Now, don’t get too shocked, but believe it or not tax time is almost upon us once again! If you’re an eager beaver and want to get your tax form in straight away, you might want to do your research in advance and have your claim ready to go come July 1. We all lust after a better tax refund, but in many cases we seem to receive only just enough to laydown on a small debt, rather than having enough to pay off your entire vehicle loan! Follow these top tips to maximise your return and see dollar signs return to your bank account.
Think outside the square
Most people are pretty straight and narrow about their tax returns and only claim the most common deductions. You probably don’t even realise what else you could be missing. Throughout the year, it is best to keep notes of what you have spent your money on along with the corresponding receipts. That way, you don’t miss that charity donation from August come July the following year – it sounds cliché, but every bit counts when it comes to your tax return!
It’s also important to browse through the free information the ATO has on offer for taxpayers. There are more than 40 industries covered that highlight occupations and the deductions you could possibly claim. It’s terribly helpful for a first timer as well.
Focus on deductions related to work
I know it sounds boring, but tax returns are meant to be boring. You will be surprised that you will get the most bang for your buck with work related deductions. It kinda makes sense that you should get the most amount of money back on things spent on work, which is where you get your income. It’s handy to understand general work-related deductions such as income protection insurance premiums, work-related travel, magazine subscriptions, professional memberships and work-related assets including iPads, mobile phones, calculators and laptops. Just ensure that these expenses are directly relevant to your job, or you’d be lying to the taxman.
The small stuff adds up
You may just throw around $10 here or there for a textbook or some stationery, but if you continuously do this throughout a 12 month period, you could be looking at hundreds of dollars. All of that could potentially be claimable. A $30 donation to your charity of choice once of month is also tax deductible. Again, it may not seem like much, but it adds up over time to be a great deduction (also you’re doing something good for a cause).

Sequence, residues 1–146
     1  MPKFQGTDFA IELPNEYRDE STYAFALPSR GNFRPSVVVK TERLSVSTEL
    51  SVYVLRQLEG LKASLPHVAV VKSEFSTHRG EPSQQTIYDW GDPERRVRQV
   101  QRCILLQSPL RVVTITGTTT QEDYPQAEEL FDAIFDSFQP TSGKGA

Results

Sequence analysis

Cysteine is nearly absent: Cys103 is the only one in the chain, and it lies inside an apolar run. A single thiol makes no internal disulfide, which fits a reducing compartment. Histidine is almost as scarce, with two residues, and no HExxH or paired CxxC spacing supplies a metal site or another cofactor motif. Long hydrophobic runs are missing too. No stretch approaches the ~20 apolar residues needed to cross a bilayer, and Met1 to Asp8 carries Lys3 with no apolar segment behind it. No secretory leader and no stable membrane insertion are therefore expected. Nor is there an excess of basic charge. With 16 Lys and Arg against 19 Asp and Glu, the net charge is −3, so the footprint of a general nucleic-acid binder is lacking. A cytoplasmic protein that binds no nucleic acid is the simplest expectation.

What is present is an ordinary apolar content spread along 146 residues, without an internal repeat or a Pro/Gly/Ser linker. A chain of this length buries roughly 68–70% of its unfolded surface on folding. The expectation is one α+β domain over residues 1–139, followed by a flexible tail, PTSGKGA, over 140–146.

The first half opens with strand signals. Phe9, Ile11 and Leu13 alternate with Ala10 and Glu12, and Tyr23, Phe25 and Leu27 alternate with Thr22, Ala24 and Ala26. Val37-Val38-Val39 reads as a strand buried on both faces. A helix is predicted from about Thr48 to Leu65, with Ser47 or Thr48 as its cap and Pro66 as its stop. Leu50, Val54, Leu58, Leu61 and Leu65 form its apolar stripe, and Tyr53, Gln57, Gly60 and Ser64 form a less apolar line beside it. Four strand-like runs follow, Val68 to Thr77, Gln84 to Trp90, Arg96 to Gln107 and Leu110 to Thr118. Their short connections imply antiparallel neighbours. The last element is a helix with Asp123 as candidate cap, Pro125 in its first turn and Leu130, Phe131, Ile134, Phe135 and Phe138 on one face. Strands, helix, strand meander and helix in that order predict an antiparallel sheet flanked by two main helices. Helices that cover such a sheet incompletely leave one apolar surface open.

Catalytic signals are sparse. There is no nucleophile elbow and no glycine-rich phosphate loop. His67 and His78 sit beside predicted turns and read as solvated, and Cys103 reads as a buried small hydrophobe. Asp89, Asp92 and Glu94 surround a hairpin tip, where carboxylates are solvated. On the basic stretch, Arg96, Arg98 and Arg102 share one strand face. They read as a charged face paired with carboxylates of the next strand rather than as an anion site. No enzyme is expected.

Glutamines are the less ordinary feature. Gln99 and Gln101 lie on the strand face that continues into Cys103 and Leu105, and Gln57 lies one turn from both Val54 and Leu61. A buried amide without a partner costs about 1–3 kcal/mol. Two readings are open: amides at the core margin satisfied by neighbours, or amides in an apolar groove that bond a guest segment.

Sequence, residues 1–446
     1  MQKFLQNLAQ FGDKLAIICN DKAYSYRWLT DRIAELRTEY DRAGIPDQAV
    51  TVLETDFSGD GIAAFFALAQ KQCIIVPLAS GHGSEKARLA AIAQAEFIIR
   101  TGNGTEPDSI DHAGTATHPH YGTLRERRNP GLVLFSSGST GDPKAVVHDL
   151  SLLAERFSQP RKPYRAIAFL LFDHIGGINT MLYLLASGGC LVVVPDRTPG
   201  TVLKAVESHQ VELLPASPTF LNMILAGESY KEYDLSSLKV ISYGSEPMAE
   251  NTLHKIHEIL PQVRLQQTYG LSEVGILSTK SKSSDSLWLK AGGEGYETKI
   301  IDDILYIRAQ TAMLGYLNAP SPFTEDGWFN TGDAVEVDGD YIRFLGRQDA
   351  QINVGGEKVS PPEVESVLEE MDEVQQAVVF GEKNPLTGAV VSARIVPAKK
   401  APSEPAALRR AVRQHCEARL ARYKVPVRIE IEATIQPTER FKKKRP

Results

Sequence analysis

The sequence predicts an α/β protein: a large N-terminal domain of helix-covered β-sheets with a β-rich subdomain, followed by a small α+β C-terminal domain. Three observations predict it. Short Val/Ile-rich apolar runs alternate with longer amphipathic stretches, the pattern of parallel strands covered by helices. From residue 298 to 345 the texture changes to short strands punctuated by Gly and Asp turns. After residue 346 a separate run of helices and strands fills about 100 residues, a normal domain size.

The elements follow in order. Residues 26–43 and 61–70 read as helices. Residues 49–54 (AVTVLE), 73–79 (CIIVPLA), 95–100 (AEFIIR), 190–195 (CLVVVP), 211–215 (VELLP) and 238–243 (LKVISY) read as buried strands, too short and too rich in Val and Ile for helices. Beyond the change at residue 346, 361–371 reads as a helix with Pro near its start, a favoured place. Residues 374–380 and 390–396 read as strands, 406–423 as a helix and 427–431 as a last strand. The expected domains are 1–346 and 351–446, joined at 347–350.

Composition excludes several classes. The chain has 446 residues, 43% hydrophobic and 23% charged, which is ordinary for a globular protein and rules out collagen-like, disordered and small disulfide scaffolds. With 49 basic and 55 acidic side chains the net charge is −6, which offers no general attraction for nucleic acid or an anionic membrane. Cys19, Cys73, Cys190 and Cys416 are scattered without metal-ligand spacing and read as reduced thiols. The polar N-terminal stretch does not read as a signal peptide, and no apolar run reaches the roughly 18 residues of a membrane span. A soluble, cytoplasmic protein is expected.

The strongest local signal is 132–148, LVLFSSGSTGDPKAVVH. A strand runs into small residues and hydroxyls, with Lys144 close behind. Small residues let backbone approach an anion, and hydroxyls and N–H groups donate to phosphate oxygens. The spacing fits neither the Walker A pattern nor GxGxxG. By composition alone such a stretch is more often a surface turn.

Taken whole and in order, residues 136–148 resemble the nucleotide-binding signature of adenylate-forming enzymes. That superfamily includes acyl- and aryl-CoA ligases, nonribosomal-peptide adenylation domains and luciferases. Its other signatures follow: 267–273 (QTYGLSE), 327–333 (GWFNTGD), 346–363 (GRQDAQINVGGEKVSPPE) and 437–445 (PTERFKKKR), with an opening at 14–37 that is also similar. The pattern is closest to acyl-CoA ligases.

By keeping your receipts for the small stuff and not just the big-ticket items you spend your money on could pay off in the long run and maximise your tax return.
In the wise words of Mark Bouris, Executive Chairman of wealth management and advice firm Yellow Brick Road, “get in the habit of filing receipts and invoices, and perhaps keep a running tally of your deductible expenses.”
Seek expert advice
If all else fails and you are seeing a payback figure rather than a return, it’s probably best to seek advice from a professional tax accountant. They will be able to think outside the box for you and find the best way to maximise your spending as claims. Ultimately, however, it is up to you to create a cost-benefit analysis and weigh up whether the fee for the accountant will be worth it to see a return.
Now you’ve got your game plan set, you just have to lodge and hopefully wait for a deposit in your account from your return. Seeing those dollars climb will put a smile on your dial and maybe even a dent in your debts should you choose to put it towards that.
Ready to get started?
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